Kate Everts, Vegetable Pathologist, University of Delaware and University of Maryland; firstname.lastname@example.org, Jerry Brust, IPM Vegetable Specialist, University of Maryland; email@example.com and Karen Rane, Extension Specialist Entomology, University of Maryland firstname.lastname@example.org
Fusarium crown rot on watermelon, caused by Fusarium solani, was observed this past week in one field on Delmarva and is suspected in others. The first sign of an affected plant is leaf wilt, which is eventually followed by vine wilt and plant death. However, unlike Fusarium wilt caused by F. oxysporum f. sp. niveum, the vascular system in crown rot infected plants is not discolored. Examination of the stems reveals dark reddish to brown surface discoloration and a restriction of growth at the soil line. (The external stem discoloration is not diagnostic though, as several diseases and non pathogenic causes can lead to similar symptoms). Fusarium crown rot is more common on squash and pumpkin than watermelon and muskmelon, but all cucurbits are susceptible. However stress can lead to high disease levels in watermelon some years. For example the disease was prevalent on watermelon in 2008. The pathogen that causes Fusarium crown rot will not survive more than three years in soil. Fields with confirmed crown rot should not be planted to any cucurbit for four years.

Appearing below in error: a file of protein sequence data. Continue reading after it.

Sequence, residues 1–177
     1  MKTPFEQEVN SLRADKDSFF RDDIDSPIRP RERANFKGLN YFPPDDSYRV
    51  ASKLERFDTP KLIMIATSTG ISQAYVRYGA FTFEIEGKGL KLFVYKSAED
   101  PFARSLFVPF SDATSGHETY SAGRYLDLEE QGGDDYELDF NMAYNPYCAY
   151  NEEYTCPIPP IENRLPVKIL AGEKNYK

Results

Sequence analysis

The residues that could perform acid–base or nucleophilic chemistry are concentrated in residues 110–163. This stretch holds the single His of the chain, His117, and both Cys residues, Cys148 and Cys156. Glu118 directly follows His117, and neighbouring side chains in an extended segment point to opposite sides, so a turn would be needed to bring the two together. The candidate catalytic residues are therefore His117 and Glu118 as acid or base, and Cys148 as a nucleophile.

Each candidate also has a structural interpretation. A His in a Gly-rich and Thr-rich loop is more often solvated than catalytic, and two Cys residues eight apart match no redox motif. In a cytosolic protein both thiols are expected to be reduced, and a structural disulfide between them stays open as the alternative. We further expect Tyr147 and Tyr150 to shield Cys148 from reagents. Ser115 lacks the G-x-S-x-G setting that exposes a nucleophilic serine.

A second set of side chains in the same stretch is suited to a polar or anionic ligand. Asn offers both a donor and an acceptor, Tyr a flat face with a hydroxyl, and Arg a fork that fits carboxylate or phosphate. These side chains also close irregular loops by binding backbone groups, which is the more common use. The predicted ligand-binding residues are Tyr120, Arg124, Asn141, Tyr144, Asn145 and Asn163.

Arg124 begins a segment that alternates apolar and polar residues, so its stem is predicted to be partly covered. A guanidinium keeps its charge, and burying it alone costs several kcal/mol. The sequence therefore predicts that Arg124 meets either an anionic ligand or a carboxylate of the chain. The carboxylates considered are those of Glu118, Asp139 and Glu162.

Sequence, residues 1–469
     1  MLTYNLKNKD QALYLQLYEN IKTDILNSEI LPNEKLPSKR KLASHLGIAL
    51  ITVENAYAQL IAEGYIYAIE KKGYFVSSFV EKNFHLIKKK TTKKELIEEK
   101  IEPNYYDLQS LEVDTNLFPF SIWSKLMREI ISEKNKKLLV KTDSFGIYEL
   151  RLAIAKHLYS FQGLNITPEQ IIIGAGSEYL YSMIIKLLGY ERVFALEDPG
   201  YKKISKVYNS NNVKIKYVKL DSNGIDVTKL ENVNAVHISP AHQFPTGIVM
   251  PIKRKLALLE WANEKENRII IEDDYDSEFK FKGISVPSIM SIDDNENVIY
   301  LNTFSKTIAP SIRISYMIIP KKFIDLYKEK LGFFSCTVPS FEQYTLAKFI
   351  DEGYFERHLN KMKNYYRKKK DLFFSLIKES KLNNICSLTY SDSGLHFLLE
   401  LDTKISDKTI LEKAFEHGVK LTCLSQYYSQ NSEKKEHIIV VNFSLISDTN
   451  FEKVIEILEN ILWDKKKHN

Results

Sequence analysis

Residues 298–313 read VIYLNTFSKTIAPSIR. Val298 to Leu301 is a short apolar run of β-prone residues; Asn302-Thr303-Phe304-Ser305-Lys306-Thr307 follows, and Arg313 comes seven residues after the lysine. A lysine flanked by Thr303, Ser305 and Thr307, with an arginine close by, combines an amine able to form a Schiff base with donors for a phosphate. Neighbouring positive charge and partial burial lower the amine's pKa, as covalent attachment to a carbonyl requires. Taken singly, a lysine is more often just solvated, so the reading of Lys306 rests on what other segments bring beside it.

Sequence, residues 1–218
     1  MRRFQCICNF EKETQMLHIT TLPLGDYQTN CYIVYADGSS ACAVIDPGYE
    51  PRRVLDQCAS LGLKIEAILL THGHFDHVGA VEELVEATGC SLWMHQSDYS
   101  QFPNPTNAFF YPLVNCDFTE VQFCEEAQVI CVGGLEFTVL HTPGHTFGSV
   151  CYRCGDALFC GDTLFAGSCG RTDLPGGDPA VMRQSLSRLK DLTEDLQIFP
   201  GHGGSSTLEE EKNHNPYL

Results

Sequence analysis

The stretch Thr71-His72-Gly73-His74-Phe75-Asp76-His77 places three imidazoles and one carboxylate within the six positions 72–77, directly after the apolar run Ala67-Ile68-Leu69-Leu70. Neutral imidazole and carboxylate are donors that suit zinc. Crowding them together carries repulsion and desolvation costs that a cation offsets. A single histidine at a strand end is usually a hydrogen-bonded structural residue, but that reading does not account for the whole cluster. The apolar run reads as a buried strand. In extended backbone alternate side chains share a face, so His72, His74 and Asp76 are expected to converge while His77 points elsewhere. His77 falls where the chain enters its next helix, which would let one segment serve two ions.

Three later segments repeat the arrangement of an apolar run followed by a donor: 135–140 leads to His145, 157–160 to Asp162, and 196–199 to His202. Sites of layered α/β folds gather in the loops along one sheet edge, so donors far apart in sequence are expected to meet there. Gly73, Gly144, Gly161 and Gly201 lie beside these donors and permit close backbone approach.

Figure 1. Fusarium crown rot on a watermelon plant.